Going grey? Don't blame stress for the damage, as it's your mother and father's fault, says a new study.
Unilever scientists think family history has a far greater influence on the greying of a woman's hair than previously thought.
To reach the conclusion, boffins studied more than 200 identical and non-identical Danish twin sisters aged between 59 and 81.
From analyses, they found little difference between the greyness of the identical twins - who share the same genes.
But there was more difference between non-identical twins, whose genes differ, the study published in the journal PLoS One found.
The research also suggests that receding hair is linked to mainly genetic factors, reports The BBC.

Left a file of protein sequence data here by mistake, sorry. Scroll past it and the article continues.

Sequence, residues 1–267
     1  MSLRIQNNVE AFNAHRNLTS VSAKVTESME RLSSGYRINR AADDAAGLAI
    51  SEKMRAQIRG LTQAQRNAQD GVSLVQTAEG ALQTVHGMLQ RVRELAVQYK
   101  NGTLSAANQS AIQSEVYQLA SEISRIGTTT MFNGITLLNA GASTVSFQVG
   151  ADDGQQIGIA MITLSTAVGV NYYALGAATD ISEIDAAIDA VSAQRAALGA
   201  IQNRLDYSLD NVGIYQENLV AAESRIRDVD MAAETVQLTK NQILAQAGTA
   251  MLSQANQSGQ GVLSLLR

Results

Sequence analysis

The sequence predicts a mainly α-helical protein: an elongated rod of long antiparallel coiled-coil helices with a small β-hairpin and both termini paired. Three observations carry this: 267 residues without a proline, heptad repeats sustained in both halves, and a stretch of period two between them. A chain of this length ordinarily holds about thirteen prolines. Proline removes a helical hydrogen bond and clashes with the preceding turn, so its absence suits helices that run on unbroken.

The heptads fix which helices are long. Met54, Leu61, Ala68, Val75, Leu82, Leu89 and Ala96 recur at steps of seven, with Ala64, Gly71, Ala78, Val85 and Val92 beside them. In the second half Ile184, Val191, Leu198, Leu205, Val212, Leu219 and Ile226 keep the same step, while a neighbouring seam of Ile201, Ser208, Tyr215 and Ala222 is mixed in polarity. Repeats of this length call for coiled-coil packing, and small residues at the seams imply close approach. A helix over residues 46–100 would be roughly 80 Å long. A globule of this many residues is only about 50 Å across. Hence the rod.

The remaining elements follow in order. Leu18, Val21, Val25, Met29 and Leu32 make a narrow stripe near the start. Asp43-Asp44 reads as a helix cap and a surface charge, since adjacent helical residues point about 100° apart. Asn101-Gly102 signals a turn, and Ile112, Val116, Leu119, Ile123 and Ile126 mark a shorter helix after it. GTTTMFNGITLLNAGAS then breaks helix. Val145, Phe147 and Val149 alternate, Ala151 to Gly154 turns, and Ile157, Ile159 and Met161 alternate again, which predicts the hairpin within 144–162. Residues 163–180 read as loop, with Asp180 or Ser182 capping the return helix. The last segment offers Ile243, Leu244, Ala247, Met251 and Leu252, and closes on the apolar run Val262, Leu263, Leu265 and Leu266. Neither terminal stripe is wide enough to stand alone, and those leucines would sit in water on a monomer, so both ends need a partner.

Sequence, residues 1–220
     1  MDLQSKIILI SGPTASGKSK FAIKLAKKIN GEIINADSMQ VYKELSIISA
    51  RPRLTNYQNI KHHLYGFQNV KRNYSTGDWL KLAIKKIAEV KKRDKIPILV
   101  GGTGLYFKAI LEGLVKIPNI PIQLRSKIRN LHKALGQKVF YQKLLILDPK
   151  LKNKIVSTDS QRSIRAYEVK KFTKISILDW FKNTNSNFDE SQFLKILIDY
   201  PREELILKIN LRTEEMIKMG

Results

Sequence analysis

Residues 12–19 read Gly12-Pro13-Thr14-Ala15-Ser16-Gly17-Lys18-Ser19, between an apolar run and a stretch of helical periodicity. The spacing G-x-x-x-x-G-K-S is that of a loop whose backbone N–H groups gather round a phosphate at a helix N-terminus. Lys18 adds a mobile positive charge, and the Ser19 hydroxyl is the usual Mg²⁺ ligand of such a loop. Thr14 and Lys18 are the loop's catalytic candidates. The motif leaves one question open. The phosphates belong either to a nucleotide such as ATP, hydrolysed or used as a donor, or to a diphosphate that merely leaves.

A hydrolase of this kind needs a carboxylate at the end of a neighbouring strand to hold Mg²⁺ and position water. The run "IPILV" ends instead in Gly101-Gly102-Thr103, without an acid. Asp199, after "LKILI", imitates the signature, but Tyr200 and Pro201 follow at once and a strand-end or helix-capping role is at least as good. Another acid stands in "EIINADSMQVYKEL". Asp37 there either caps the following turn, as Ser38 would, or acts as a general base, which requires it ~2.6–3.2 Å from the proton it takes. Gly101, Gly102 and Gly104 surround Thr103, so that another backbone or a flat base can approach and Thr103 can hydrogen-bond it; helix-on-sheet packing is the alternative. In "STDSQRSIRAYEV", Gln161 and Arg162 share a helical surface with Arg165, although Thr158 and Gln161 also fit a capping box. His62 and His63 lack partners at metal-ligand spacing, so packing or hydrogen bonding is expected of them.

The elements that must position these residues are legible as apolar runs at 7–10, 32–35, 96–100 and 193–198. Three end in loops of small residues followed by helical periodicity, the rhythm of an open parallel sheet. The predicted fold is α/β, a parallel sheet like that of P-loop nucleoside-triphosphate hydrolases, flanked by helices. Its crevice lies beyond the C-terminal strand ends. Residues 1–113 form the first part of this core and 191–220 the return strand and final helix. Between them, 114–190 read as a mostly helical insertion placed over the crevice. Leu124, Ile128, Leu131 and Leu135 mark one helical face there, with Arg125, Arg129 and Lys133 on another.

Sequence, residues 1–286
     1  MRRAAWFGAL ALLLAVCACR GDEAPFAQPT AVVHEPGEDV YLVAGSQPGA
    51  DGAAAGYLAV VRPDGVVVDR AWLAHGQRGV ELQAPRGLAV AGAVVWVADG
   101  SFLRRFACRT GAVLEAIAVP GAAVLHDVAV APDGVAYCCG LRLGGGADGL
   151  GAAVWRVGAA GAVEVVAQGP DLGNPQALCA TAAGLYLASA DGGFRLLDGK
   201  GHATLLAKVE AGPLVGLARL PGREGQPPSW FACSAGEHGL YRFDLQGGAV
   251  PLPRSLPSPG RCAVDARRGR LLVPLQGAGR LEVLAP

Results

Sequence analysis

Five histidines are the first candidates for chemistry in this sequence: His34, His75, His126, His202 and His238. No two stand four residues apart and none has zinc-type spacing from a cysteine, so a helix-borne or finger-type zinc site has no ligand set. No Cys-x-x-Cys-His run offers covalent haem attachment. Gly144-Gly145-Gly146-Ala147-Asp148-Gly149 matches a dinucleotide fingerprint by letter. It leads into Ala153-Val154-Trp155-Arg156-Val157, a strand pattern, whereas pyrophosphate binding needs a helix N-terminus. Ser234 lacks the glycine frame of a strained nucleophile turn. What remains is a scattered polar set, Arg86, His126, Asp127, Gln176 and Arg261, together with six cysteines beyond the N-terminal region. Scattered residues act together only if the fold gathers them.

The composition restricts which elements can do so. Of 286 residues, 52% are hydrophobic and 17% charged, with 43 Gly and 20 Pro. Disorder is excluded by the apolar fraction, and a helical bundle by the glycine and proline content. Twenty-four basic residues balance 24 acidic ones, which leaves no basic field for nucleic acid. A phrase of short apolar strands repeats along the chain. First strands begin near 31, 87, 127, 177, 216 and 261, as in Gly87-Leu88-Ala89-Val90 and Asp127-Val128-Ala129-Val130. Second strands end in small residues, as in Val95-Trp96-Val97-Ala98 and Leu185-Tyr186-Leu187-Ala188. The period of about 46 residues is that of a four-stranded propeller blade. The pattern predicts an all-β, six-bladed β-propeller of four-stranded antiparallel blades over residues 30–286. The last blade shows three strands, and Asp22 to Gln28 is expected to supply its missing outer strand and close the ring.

Lead researcher Dr David Gunn said: "This study offers us a fascinating insight into the reason why women go grey and it certainly suggests that environmental factors are not as important as we once thought.
"The research indicates that irrespective of how stressful a woman's life is, there are greater forces at play which are more likely to cause her hair to grey."
Nina Goad, of the British Association of Dermatologists, said: "This means that for the majority of people, greying hair is not down to something you have done, but to genetic factors beyond your control, and that generally your lifestyle will not greatly impact on when your hair loses its colour."